Tim Tebow's relentless pursuit of failure

Tebow is remarkably unafraid of failure (1:56)

ESPN The Magazine's David Fleming examines the shortcomings Tim Tebow has experienced in his pro sports career. (1:56)

TIM TEBOW'S FIRST day of spring training unfolded pretty much exactly as expected. Before he stepped foot onto First Data Field in Port St. Lucie, Florida, his $28 Tebow 15 jersey was already available for purchase outside the ballpark. There was touching chatter about the joys of pursuing his "childhood dream" of playing baseball, not to be confused with his currently on hold "lifelong dream" of being an NFL quarterback. Many experts, after making a special point to say how nice and hard-working Tebow is, admitted that the guy who struck out 20 times in 62 at-bats during the Arizona Fall League didn't look any more comfortable or natural as a pretend baseball player.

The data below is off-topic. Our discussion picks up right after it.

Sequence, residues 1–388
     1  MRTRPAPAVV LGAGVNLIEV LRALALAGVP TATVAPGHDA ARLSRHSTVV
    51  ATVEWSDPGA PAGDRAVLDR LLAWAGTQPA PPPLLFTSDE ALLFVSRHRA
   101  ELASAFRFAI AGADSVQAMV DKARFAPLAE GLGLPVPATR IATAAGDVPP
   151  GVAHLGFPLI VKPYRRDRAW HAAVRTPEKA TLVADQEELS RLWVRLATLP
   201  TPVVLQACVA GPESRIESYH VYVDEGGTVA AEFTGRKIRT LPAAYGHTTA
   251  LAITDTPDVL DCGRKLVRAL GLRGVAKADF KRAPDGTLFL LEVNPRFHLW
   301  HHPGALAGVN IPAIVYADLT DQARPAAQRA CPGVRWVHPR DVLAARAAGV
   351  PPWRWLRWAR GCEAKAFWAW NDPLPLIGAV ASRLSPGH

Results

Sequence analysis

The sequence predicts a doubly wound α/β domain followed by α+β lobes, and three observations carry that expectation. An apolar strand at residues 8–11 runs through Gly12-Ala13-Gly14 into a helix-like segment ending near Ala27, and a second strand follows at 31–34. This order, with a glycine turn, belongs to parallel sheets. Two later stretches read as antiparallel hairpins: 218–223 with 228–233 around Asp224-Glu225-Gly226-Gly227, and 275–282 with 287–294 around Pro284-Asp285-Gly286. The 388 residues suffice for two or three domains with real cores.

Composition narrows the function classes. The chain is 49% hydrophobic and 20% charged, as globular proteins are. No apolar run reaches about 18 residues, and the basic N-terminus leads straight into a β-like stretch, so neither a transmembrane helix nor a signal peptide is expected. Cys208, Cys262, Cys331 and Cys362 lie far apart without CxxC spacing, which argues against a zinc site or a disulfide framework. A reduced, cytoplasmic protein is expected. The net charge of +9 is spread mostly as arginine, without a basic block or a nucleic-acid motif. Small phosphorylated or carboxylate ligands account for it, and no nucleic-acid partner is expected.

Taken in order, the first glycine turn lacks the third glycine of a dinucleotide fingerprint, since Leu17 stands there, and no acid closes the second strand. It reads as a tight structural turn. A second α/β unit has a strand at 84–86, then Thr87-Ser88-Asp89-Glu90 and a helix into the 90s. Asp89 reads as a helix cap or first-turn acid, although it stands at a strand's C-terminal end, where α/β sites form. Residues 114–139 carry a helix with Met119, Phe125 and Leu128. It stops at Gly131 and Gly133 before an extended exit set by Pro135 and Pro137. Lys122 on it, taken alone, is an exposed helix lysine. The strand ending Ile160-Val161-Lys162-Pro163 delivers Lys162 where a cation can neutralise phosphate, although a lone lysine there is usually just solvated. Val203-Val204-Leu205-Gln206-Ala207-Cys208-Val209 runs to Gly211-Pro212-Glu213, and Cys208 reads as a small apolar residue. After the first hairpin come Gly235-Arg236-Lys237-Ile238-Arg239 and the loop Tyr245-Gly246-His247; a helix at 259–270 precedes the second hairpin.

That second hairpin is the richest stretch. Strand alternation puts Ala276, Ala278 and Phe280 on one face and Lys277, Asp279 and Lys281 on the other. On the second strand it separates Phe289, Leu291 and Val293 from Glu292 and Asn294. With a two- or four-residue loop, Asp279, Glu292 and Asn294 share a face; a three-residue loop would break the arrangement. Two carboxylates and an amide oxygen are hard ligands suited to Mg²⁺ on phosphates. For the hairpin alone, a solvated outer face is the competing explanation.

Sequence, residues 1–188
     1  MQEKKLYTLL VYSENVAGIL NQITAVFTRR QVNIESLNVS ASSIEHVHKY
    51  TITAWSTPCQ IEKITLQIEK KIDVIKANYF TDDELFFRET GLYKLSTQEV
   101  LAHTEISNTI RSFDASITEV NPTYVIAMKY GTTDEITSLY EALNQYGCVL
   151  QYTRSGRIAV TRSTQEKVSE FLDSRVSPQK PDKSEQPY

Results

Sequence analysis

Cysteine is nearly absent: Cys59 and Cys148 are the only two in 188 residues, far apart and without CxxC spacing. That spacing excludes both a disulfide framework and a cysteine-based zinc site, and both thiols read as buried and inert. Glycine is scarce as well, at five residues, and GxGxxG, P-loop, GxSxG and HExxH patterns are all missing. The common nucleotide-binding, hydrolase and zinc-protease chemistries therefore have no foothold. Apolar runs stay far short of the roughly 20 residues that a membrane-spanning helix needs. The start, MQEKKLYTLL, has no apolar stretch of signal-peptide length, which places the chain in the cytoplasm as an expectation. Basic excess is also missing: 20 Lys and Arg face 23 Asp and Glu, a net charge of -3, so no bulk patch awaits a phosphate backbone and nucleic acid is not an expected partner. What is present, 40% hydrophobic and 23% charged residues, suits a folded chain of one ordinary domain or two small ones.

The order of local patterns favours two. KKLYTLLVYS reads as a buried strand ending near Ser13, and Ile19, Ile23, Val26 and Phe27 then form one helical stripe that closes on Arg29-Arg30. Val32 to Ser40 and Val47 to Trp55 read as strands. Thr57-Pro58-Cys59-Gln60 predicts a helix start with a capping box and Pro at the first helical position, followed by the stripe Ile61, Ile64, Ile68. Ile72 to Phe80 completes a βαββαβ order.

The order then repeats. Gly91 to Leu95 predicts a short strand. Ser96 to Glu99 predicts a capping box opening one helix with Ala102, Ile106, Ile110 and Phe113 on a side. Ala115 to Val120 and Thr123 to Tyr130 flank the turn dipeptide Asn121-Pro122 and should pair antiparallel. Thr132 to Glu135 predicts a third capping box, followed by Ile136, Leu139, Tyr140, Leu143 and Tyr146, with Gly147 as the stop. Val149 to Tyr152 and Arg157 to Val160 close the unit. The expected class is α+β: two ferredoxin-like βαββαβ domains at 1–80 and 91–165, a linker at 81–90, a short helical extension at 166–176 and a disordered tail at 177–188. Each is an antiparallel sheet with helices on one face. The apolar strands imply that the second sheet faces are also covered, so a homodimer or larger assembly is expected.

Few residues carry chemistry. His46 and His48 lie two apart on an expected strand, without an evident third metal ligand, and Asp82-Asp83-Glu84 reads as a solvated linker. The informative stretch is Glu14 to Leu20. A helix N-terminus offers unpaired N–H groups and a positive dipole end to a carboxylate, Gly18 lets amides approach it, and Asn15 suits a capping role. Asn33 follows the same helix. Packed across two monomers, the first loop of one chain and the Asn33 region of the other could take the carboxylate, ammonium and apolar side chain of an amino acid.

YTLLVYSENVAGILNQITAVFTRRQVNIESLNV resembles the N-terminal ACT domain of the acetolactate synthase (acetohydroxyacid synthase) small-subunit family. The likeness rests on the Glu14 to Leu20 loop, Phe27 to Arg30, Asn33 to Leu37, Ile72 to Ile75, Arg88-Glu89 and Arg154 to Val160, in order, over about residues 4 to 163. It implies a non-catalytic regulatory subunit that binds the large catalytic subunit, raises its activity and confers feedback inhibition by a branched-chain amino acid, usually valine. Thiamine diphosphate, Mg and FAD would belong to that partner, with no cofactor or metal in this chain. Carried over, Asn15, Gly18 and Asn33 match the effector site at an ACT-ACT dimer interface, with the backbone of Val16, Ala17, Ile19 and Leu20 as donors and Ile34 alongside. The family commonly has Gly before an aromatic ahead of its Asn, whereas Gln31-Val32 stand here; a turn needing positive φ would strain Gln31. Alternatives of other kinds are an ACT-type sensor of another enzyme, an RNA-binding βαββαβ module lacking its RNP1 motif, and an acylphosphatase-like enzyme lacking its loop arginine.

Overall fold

None of that, of course, stopped networks, including this one, from running video of Tebow crushing home runs during his first batting practice session, titillating footage that has only slightly less correlation to actual baseball performance than sunflower-seed spitting. And, predictably, before the day was through, the New York Post had dubbed Tebow "a much more athletic Garth Brooks" while judging this spring training experiment to be Tebow's latest, greatest feat of athletic failure. It was a declaration that Tebow seemed prepared to handle better than any curveball he has faced.